Only the leaves and flower stalks of this small plant are visible since the stems grow underground. You have to get down and muddy to see the tiny flowers. The plants usually appear in one big mass and it's impossible to tell one plant from the other.
This plant is restricted to a narrow habitat (brackish tidal mudflats) that are often impacted by invasive species, run-off, dredging, or other impacts that result in limited high quality habitats. There are nine known populations and at least an additional 15 historical locations.
The populations seem to be stable at the present time.
This plant has probably never had more than 50 occurrences in the state but it has declined somewhat from its previous numbers.
These plants may be subject to dredging and filling of their habitat. The areas where they grow may be subject to changes in salinity caused by changes in runoff from uplands. Siltation has been observed at some locations as a potential threat. Canada geese were also observed favoring these plants at one population. These geese nipped the plants to ground level and severely reduced the number of visible plants. The long-term impact of this herbivory is not known. Phragmites has likely reduced the number of plants at a few sites.
Upland buffer zones should be established to protect the watershed supporting the wetlands where these plants grow.
There are no research needs at this time.
A plant of brackish marshes, brackish intertidal mudflats, peaty borders of salt marshes, rocky shores adjacent to salt and brackish marshes, and other muddy locations with brackish or salt water influences (New York Natural Heritage Program 2004). Brackish marshes and tidal shores along the coastal plain (Crow and Helquist 2000). Tidal muds and brackish marshes (Gleason and Cronquist 1991). In the mud of brackish marshes and tidal shores along the coast (Fernald 1970).
An aquatic plant of tidal mudflats, this plant is limited to brackish areas of the Hudson River and eastern Long Island.
A species of tidal areas chiefly limited to the coastal plain and estuaries along the east coast from Nova Scotia south to Florida and Louisana.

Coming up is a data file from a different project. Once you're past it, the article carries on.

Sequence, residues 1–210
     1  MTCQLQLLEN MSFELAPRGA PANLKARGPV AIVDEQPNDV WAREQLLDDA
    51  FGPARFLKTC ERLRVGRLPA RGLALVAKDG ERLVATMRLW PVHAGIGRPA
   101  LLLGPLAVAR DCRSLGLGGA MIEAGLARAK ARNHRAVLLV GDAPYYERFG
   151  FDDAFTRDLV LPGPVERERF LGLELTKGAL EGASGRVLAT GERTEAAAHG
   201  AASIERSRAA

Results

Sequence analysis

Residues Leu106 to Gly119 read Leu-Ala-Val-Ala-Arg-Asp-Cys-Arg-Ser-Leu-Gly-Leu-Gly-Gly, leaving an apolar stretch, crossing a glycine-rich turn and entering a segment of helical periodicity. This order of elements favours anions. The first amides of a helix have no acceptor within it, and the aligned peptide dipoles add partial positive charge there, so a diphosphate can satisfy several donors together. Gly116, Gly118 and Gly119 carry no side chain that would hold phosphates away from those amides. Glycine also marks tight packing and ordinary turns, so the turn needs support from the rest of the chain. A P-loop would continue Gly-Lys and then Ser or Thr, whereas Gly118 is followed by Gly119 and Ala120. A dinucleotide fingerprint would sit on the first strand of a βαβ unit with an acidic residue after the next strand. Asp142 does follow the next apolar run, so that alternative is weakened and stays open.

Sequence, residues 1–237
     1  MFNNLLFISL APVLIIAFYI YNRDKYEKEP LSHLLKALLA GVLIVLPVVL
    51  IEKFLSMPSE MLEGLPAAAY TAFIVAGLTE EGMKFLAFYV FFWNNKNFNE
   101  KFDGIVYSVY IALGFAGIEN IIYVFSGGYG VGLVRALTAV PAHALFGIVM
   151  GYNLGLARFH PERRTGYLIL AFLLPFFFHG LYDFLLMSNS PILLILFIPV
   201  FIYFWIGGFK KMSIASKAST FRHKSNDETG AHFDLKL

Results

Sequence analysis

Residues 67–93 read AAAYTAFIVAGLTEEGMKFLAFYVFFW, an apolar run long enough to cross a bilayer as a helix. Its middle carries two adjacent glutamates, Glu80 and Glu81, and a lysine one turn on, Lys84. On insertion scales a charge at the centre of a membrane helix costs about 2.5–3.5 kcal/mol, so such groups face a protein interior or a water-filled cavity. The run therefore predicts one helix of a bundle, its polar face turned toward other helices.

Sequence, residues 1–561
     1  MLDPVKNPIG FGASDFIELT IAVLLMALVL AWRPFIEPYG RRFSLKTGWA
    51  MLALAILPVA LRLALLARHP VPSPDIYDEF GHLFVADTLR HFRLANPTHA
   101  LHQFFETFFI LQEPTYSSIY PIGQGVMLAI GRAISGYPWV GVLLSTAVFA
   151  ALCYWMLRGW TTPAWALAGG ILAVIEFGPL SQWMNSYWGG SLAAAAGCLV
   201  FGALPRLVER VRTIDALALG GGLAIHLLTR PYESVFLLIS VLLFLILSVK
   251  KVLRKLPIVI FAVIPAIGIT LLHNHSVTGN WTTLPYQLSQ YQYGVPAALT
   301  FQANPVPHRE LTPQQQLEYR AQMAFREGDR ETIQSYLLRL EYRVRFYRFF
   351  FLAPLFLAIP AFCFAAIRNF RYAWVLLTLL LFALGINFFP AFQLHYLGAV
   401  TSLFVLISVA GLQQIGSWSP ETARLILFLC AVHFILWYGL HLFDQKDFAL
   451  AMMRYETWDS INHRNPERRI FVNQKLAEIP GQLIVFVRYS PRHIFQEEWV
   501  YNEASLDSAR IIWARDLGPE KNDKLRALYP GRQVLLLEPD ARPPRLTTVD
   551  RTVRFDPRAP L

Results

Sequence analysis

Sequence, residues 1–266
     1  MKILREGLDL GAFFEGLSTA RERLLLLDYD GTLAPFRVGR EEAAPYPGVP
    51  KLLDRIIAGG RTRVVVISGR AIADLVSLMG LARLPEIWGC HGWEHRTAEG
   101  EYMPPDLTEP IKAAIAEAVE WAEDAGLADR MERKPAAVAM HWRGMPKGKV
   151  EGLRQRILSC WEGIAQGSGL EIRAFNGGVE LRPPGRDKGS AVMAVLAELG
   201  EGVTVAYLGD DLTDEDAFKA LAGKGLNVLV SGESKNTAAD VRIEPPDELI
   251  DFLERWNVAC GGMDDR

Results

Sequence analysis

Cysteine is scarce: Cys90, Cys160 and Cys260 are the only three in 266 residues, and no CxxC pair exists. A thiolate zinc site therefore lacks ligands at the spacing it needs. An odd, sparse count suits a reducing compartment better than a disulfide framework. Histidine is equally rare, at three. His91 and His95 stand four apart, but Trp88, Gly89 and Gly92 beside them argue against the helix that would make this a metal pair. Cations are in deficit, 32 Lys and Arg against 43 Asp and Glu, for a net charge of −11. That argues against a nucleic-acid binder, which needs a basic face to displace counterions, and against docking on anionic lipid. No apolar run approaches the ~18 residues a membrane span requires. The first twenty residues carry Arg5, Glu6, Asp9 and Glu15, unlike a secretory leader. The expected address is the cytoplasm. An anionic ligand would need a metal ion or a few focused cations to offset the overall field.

This is a very small mat-forming plant no higher than 6 cm above the mud. The numerous, arching, shiny-green leaves are narrow and strap-shaped and somewhat succulent with rounded tips. They stick out in all directions and if you look closely you can see they are divided into partitions. The arching flower stalks are not higher than the leaves and are topped by a crown of 4-9 short branches with tiny white flowers at the tip.
A plant of tidal areas with phyllodia (defined more or less as an expanded, bladeless petiole) 1-6 cm long and having (3)4-6 transverse septa. These phyllodia look like thin, tall, and somewhat succulent leaves with cross-partitions occurring up the stem. The flowering peduncles are about as long as the phyllodia with 4-9 flowers. The fruits are about 2 mm long with the thick lateral wings forming a corky margin.
To properly identify this plant, one should have plants with either flowers or fruit.
As long as this plant is observed in fruit or flower, it is not likely to be confused. If you are trying to identify the plant vegetatively, it could be confused with a long list of small plants located on the tidal mudflats and within the brackish marshes.
This plant begins to flower in late June with fruits persisting through October. Surveys should be conducted between July and October.
The time of year you would expect to find Eastern Grasswort vegetative, flowering, and fruiting in New York.
Lilaeopsis chinensis (L.) Kuntze
The epithet chinensis is usually reserved for plants native to China, some of which have now become established within North America. The epithet chinensis is used here because Linnaeus (the botanist who first described this plant from material sent to him) mistakenly thought the specimen was collected in China (Fernald 1970). This may be the only plant native to North America and not found in China or the Orient with the epithet of chinensis.
Gleason, Henry A. and A. Cronquist. 1991. Manual of Vascular Plants of Northeastern United States and Adjacent Canada. The New York Botanical Garden, Bronx, New York. 910 pp.
Fernald, M.L. 1950. Gray's manual of botany. 8th edition. D. Van Nostrand, New York. 1632 pp.
Holmgren, Noel. 1998. The Illustrated Companion to Gleason and Cronquist's Manual. Illustrations of the Vascular Plants of Northeastern United States and Adjacent Canada. The New York Botanical Garden, Bronx, New York.
Mitchell, Richard S. and Gordon C. Tucker. 1997. Revised Checklist of New York State Plants. Contributions to a Flora of New York State. Checklist IV. Bulletin No. 490. New York State Museum. Albany, NY. 400 pp.
New York Natural Heritage Program. 2010. Biotics database. New York Natural Heritage Program. New York State Department of Environmental Conservation. Albany, NY.
New York Natural Heritage Program. 2020. New York Natural Heritage Program Databases. Albany, NY.
Reschke, Carol. 1990. Ecological communities of New York State. New York Natural Heritage Program, New York State Department of Environmental Conservation. Latham, NY. 96 pp. plus xi.
Weldy, T. and D. Werier. 2010. New York flora atlas. [S.M. Landry, K.N. Campbell, and L.D. Mabe (original application development), Florida Center for Community Design and Research http://www.fccdr.usf.edu/. University of South Florida http://www.usf.edu/]. New York Flora Association http://newyork.plantatlas.usf.edu/, Albany, New York
Information for this guide was last updated on: September 9, 2004
Please cite this page as:
New York Natural Heritage Program. 2020. Online Conservation Guide for Lilaeopsis chinensis. Available from: https://guides.nynhp.org/eastern-grasswort/. Accessed July 16, 2020.